On Thursday, Catalog said it had secured a $35 million investment that it will use to improve its DNA storage and processing machine, called Shannon, to make it faster, smaller and a better foundation for business. The machine can perform up to 500,000 chemical reactions per second to manipulate artificially created DNA molecules, according to the company.
The Boston-based company doesn’t expect its products to replace general purpose computing hardware. Instead, the company wants to accelerate specific jobs, such as fraud detection or seismic data processing.
DNA computing is one of several radical new ideas emerging from a computing industry struggling to deliver faster chips. It uses the same chemical base pairs, represented by the letters C, A, T and G, as the DNA that stores your own genetic information. Catalog uses a collection of 114 specific combinations of 25 to 30 base pairs, each one like a Lego brick that connects to its neighbor in accordance with particular mathematical rules. To store and retrieve data, you communicate with chemical reactions.
The result will a system that Chief Technology Officer Dave Turek expects will enable processing that’s so efficient you’ll be able to run computing jobs all the time.
“I’m going to put a beaker of DNA on the shelf. I’m going to infuse it with a molecular load of computational elements,” Turek said. “Whenever I’m away, that computation is continuing in the background at really, really low energy.”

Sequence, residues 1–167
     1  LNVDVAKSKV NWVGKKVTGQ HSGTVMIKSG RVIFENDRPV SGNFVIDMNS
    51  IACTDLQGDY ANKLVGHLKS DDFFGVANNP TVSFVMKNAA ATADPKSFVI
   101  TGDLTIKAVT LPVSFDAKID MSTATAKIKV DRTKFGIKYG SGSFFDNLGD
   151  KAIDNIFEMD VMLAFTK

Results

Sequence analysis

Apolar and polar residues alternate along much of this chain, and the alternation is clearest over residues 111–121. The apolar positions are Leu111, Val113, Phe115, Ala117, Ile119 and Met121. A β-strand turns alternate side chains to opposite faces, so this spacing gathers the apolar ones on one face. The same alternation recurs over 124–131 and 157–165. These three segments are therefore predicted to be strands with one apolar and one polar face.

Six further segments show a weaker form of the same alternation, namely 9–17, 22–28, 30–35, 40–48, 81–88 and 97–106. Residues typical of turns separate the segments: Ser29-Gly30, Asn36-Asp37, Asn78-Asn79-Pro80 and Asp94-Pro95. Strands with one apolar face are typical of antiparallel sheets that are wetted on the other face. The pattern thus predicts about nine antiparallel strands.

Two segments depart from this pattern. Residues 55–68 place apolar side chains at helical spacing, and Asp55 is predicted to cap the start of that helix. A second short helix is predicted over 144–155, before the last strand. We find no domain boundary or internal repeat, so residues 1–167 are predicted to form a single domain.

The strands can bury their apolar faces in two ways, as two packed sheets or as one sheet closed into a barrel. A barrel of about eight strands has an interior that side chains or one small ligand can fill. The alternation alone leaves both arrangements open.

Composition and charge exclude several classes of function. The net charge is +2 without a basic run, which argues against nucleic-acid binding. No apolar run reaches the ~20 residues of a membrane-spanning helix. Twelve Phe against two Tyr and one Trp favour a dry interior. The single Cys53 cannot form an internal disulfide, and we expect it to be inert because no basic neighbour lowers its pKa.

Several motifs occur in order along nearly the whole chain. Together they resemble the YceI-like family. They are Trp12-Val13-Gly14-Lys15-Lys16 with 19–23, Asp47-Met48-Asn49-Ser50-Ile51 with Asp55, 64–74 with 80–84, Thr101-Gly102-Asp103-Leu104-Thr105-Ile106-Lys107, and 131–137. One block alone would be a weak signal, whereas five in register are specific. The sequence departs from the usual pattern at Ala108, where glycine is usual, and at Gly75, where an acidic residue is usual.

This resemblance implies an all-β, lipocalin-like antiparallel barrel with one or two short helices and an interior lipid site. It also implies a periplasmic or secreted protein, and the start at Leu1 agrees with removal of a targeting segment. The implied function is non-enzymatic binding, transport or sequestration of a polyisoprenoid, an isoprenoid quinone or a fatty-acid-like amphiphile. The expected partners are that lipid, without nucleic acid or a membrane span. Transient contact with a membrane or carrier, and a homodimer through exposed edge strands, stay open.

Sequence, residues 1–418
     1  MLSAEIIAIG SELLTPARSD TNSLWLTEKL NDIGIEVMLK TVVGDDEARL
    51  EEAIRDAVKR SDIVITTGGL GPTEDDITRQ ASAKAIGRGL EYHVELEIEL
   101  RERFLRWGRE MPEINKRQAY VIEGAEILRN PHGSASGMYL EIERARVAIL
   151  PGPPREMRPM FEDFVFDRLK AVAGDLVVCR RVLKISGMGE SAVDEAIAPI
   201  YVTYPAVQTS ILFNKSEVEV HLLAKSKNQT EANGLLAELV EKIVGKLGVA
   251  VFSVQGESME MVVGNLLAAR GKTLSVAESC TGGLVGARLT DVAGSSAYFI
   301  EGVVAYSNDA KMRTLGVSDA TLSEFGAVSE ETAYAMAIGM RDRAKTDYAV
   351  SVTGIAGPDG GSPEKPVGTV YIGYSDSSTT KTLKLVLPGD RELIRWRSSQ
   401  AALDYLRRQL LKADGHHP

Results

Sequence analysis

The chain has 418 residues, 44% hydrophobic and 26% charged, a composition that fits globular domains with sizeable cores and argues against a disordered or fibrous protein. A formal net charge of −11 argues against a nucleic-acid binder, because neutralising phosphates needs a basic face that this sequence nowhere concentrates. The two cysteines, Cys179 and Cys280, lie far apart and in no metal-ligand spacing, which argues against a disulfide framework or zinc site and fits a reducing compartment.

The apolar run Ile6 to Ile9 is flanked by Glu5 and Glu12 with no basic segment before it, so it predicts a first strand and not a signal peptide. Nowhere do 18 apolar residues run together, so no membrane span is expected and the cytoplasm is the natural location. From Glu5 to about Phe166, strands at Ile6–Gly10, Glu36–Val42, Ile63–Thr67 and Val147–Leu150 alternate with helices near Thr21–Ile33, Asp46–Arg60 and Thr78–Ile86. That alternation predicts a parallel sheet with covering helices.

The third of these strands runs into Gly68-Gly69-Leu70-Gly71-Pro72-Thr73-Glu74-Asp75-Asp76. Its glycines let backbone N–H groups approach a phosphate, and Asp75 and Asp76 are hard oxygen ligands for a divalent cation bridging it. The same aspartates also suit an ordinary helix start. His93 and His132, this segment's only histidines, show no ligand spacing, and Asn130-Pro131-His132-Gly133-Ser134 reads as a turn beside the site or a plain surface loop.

For archiving data, DNA is a stable molecule with a long useful shelf life that can span tens of thousands of years, according to Catalog estimates. Standard genome sequencing equipment can read the stored data. The cost and speed of DNA sequencing equipment has steadily improved for years.
Startup Catalog’s plan spans years, and so far the company has research partners more than customers. The company’s goal is to speed up its current DNA processing machine, called Shannon, during the first half of 2022 in order to demonstrate its use for solving computing challenges. It hopes to begin selling its technology, starting with data archiving and expanding to computing afterward, in about three years.
Hanwha Impact Partners led the funding round.